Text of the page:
Data security and privacy sit at the heart of any zero trust strategy. Accelerated cloud migration and recent data breaches now make zero-trust implementations critical, yet many companies struggle to find a way to solve their challenges. Some companies take an operations approach, while others look to mitigate risk. However, to successfully implement zero trust architectures (ZTA), companies need to start by securing the data and content assets they want to protect. Centering a zero trust strategy on data and content enables a more robust approach to security.
You’ve Decided to Implement Zero Trust: Why Take a Data-Centric Approach?
A zero-trust security model is critical to data security. With workforce members connecting to corporate wireless networks or working remotely, securing access is the data security standard of the future.
Most discussions of zero trust center networks, applications, and endpoints, fundamentally seeking to protect sensitive data. Consider the following goals:
- Zero Trust Architecture (ZTA): limit user and device access to sensitive data by applying the principle of least privilege
- Zero Trust Network Access (ZTNA): limit user and device access to applications containing sensitive data by requiring user authentication and endpoint security validation first
No matter what technologies organizations use for the zero trust strategies, the core goal is to protect data.
What is a Data-Centric Approach to Zero Trust?
When people discuss taking a data-centric approach to zero trust security, they often mean building an architecture rooted in data protection. Generally, this means understanding where sensitive data resides across cloud resources and networks.
As companies look to protect data from threats, especially with remote work now the norm, many focus on data security solutions like encryption or identity and access management (IAM).
While these can protect sensitive data from internal threats or cyberattacks, they may not be able to stop malware and ransomware attacks that compromise data. For example, according to the 2021 Cost of a Data Breach Report:
- $5.01 million: Business email compromise clocking in as the costliest data breach type
- $4.65 million: Phishing took second place for costliest data breach type
In both cases, the ZTA and ZTNA failed to prevent the breaches, even though they may have mitigated the impact.
What is Zero Trust Data Security?
Fundamentally, companies understand that zero trust means they should always assume that users and devices are already compromised. However, they need to take the same approach to data and implement zero trust data security (alternatively, zero trust content security).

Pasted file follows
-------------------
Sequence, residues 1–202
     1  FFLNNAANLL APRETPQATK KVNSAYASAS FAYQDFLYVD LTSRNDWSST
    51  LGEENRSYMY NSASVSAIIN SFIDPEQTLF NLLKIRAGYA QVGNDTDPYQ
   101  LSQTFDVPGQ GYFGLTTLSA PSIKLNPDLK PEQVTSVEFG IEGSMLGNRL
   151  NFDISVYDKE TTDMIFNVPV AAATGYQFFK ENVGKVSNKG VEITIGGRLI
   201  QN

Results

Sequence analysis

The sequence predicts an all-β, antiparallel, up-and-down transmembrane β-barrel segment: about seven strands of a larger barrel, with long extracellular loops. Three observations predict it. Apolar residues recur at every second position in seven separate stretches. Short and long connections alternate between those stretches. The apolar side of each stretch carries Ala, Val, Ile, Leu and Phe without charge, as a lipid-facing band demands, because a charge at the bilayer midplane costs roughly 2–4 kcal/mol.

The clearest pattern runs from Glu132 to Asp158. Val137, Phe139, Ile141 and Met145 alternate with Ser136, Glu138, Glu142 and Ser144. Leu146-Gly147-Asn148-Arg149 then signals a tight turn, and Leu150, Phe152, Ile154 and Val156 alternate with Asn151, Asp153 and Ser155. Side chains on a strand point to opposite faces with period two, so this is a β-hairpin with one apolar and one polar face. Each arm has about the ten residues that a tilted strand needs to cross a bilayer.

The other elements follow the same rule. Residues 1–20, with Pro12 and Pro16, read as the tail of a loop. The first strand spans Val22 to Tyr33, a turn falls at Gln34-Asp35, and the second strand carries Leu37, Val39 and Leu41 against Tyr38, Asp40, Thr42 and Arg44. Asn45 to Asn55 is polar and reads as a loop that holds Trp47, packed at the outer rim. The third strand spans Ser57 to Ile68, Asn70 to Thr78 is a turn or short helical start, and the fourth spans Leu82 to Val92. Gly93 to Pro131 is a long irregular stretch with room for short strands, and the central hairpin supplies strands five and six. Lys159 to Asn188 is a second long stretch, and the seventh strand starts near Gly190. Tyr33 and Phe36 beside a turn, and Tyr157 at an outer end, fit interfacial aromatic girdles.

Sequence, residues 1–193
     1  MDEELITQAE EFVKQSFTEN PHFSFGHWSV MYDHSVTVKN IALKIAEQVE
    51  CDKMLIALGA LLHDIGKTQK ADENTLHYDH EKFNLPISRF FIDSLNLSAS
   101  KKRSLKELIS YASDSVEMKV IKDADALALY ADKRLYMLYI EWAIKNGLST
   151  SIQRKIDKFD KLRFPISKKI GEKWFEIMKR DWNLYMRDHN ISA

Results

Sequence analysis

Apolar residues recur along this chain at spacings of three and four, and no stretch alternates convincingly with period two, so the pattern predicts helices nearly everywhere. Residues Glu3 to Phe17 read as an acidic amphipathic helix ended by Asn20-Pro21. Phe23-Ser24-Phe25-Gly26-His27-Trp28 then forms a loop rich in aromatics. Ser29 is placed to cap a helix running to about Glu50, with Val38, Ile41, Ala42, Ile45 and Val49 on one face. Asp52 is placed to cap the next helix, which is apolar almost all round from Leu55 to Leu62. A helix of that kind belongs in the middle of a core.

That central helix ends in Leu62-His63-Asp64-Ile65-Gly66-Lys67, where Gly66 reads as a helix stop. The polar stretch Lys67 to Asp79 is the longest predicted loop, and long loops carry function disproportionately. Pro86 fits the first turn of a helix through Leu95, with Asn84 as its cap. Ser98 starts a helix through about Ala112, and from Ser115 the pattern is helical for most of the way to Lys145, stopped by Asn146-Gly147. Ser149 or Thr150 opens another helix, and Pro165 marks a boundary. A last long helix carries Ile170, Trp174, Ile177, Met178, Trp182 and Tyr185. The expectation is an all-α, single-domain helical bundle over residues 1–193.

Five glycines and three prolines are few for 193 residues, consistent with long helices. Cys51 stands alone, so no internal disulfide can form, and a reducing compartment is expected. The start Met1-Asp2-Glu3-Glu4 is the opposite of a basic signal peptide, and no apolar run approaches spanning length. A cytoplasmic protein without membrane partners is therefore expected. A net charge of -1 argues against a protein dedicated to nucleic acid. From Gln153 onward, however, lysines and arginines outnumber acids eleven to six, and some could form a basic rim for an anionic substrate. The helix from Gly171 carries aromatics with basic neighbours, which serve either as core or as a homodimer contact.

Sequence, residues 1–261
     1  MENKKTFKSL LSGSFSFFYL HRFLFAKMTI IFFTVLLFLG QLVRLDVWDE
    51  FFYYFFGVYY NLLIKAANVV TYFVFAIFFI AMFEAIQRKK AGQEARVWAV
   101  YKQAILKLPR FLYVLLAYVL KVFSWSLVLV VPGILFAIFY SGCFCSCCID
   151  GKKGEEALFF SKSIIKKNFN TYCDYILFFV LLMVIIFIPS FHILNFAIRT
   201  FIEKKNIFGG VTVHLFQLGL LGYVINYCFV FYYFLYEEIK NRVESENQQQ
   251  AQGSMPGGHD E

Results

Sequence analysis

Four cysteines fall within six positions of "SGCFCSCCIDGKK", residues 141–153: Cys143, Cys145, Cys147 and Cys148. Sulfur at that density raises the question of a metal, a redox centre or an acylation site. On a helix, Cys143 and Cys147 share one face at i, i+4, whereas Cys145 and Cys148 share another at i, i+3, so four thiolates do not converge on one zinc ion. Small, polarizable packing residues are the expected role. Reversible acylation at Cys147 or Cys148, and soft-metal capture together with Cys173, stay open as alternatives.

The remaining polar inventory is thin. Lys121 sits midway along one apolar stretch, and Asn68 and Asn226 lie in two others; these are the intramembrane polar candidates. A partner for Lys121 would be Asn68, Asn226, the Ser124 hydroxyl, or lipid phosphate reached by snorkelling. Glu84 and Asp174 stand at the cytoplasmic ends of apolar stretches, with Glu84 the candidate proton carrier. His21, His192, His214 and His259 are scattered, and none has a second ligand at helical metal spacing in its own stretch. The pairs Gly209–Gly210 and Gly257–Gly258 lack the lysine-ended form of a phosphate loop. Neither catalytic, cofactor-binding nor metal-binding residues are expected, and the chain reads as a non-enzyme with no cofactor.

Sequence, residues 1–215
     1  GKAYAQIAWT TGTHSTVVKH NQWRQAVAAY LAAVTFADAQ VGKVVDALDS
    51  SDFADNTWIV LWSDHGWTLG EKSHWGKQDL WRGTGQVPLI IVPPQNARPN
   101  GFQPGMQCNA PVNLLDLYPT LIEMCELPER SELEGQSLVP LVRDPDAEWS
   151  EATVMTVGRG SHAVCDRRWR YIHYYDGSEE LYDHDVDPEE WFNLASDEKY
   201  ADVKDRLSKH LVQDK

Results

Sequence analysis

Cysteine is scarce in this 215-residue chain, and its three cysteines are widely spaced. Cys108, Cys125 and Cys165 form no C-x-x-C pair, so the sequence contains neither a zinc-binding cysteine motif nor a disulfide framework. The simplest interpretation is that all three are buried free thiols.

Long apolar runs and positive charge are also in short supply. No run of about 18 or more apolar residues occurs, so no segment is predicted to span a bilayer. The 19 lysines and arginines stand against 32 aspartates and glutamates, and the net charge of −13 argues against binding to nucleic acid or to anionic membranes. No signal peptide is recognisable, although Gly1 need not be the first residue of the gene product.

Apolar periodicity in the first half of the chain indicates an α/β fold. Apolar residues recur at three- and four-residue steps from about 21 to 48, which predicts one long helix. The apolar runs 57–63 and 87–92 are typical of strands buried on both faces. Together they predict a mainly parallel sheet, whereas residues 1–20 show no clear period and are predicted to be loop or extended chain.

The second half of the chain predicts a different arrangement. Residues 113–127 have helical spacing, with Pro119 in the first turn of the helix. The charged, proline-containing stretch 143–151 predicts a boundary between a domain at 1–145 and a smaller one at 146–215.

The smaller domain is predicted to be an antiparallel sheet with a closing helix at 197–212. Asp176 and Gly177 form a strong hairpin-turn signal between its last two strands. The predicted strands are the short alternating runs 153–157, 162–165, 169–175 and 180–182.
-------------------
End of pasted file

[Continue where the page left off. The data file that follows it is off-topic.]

Data and content can be compromised in various ways. For example, every file transmitted contains metadata about:
- Content: including title, author, publication date, subject
- Components: versions, relationships, file format
- Technical aspects: decoding and rendering, preservation for long-term archiving, usage rights
Files can be composed of hundreds or even thousands of individual elements that can be compromised by malware, and most users never realize that this information exists in a file. For example, malicious actors can hide malware in macros, like those found in an excel spreadsheet.
Organizations building a zero-trust data security strategy need to apply the same assumed compromise approach to files and data that they apply to users and devices. Cybercriminals can compromise data at various points, including:
- Hiding malware in password-protected or other “unscannable” files
- Malicious links and downloads in phishing emails
- Drive-by-downloads from malicious sites on the internet
- File transfers between applications
How Zero Trust Data and Content Sets Your Security Strategy Up for Success
Many companies use anti-virus solutions to prevent malware and ransomware from infecting their systems and networks. Anti-virus is an important endpoint security tool, but it usually relies on using known malware signatures to detect abnormal software. As malicious actors continue to evolve their methodologies, using known signatures only offers partial protection, even with artificial intelligence (AI) to help predict future variants.